Ah, the speed at which things come and go.
My wife brought home from a trip a guide book to Colorado cemeteries published by the august house, Caxton Press of Caldwell, Idaho. Before I got a chance to thoroughly study the book or write down its particulars (like the author’s name or the title of the book), she shipped it back to the friend from whom she’d borrowed it. But that’s not essential to what I have to say.
Some years back when I first had visions of writing a guide to the cemeteries of Oregon, Caxton was the first publisher to which I turned. I got a brief letter back from them saying, thanks, but I didn’t have any stories about who was buried in the cemeteries; that’s what they wanted.
The book Kay brought home bore that out. Their guide to Colorado cemeteries was in reality a collection of stories about some of the people buried in some of Colorado’s cemeteries. Other cemeteries were lumped together in lists, sans addresses. There were driving instructions to the highlighted cemeteries and usually a short description before plunging into the stories. They certainly accomplished what they set out to do, if their letter to me was any indication. They got their collection of stories. But it’s as if someone set out to write a guide to the famous buildings of New York and ended up talking about the tenants. It’s a fine collection of little vignettes, but it tells one hardly anything about the cemeteries. A guide to them it definitely is not.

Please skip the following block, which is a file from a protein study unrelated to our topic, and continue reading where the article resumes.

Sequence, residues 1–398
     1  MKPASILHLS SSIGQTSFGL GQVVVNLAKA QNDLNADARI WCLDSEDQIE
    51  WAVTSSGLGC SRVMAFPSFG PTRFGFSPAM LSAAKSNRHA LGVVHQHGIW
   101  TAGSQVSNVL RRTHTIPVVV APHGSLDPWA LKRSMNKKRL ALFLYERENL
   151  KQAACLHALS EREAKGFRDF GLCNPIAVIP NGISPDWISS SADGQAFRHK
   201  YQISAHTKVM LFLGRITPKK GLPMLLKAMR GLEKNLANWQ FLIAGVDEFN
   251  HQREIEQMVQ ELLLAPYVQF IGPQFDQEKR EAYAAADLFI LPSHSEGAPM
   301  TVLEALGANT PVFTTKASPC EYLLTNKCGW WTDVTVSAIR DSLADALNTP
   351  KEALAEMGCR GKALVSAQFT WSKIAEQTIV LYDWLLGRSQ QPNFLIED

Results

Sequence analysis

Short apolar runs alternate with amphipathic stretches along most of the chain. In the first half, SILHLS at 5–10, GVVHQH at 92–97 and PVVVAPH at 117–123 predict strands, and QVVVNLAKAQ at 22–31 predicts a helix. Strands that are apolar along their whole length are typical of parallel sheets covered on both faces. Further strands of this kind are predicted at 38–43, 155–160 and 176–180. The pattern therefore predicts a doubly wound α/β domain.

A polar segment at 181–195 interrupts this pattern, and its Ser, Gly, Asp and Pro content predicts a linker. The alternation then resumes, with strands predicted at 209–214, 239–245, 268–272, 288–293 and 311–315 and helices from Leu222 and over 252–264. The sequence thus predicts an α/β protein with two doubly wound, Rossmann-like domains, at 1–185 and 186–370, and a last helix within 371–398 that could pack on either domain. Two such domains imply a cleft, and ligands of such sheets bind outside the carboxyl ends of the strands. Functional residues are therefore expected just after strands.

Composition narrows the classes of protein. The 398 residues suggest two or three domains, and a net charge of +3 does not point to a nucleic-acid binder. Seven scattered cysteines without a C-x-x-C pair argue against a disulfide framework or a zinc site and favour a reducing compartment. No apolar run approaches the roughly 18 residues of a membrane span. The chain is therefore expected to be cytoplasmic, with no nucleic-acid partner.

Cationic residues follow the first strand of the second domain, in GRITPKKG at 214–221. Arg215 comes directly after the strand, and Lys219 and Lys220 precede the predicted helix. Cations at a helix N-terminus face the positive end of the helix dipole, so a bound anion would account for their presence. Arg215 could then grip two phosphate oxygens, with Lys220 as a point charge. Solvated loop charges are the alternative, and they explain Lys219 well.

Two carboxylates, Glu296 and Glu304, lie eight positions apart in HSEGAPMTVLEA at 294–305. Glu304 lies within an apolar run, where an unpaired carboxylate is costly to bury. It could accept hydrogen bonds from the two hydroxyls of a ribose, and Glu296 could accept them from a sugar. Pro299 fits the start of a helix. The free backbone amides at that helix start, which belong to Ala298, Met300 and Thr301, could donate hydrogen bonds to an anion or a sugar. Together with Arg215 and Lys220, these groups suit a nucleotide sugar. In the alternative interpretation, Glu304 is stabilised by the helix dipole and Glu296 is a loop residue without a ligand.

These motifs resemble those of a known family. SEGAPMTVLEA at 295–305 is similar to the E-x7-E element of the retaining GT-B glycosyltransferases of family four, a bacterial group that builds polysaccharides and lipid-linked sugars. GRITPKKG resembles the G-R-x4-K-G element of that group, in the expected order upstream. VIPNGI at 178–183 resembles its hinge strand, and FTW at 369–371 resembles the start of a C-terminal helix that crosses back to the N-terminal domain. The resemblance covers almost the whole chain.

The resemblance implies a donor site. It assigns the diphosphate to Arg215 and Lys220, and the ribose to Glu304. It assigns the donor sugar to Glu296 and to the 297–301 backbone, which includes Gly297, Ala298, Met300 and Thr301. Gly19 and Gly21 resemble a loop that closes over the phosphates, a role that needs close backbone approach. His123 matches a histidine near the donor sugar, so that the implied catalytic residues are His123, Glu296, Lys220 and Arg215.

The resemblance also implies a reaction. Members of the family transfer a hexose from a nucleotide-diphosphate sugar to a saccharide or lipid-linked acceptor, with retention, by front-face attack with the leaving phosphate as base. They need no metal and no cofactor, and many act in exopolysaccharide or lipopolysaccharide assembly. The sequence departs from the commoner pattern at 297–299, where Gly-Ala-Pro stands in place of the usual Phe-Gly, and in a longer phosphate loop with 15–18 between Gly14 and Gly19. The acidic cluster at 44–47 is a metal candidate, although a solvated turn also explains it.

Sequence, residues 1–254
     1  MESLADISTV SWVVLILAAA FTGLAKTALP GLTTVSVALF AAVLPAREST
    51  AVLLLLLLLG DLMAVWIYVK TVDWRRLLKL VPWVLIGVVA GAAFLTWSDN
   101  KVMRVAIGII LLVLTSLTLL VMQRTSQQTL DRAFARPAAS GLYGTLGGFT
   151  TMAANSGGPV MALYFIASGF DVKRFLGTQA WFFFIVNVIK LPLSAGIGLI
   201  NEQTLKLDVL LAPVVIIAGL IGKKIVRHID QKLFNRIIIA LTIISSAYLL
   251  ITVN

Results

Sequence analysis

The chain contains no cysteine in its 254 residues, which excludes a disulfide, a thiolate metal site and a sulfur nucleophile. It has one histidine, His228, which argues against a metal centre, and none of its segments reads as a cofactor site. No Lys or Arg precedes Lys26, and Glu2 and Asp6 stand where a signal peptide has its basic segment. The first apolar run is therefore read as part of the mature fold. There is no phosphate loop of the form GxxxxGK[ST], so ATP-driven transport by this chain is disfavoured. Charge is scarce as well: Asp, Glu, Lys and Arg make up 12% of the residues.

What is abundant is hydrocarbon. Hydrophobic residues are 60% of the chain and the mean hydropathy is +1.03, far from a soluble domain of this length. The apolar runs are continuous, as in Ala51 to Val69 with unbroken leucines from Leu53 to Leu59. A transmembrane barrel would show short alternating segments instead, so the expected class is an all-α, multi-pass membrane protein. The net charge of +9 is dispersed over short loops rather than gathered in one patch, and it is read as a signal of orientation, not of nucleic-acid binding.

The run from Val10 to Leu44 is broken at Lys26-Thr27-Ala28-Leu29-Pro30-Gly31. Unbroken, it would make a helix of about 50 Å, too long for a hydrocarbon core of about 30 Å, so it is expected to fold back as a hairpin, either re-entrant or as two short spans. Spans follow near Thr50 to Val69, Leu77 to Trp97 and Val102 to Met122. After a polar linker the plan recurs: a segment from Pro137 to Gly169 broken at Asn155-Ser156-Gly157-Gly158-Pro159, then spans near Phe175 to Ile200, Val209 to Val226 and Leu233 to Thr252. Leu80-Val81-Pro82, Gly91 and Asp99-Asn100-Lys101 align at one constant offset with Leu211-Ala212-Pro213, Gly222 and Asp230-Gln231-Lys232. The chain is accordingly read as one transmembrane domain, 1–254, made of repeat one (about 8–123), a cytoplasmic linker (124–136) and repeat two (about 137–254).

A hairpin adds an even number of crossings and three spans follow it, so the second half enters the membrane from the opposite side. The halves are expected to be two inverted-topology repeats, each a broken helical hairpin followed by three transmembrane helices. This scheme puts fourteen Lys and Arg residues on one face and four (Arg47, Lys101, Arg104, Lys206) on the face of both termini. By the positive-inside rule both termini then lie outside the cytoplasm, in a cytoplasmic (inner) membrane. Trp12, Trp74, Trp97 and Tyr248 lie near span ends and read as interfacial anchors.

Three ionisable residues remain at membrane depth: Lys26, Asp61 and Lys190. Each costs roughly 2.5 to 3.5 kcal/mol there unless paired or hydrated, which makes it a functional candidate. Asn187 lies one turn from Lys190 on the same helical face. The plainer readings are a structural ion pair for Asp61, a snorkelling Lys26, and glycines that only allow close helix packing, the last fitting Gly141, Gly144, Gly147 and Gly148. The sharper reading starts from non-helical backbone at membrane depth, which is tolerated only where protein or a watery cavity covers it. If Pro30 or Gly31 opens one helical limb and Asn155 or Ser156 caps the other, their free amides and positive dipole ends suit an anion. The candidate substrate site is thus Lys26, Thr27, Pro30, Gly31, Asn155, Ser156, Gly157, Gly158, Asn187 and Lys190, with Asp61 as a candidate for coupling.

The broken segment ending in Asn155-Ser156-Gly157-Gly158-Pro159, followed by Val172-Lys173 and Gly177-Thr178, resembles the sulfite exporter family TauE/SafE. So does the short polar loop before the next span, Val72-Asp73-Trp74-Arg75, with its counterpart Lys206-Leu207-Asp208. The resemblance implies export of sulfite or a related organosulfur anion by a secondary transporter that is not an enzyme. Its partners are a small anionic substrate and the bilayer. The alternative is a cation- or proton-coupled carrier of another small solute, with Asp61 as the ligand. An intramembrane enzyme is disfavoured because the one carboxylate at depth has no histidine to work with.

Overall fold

And it was practically without photos. Which, I suppose makes sense, if you’re really interested in local biographies, but is less than helpful in a purported guide to particular landscapes. I can accept that a publisher isn’t interested in cemetery guides, but it’s more disturbing when they sell a product whose contents don’t jibe with its title. Simply because one has arranged a batch of local histories by cemetery location, does not make the stories a guide to those cemeteries. I don’t think Caxton Press is being disingenuous by falsely titling their book; I sincerely think they don’t understand the difference.
It’s a slippery point. Not many people appreciate the difference between the cemetery and who’s buried in it. One is not the other. History is no substitute for place.
The point gets blurred, though to a lesser extent, in the pages of the AGS Quarterly, “The Bulletin of the Association For Gravestone Studies,” and their annual journal Markers, as well. As their name implies, they concentrate on the stones themselves, though they’re not above dipping into the local history vat. They, too, rarely give much consideration to the cemeteries themselves and overweight their entries with discussion of stone design, history, etc. The geography and societal place of cemeteries is seldom broached.
Except here, of course, where we plod along building up the database so one day someone can come along and say, “Holy Cow! Where did this mountain come from?”
From the cow.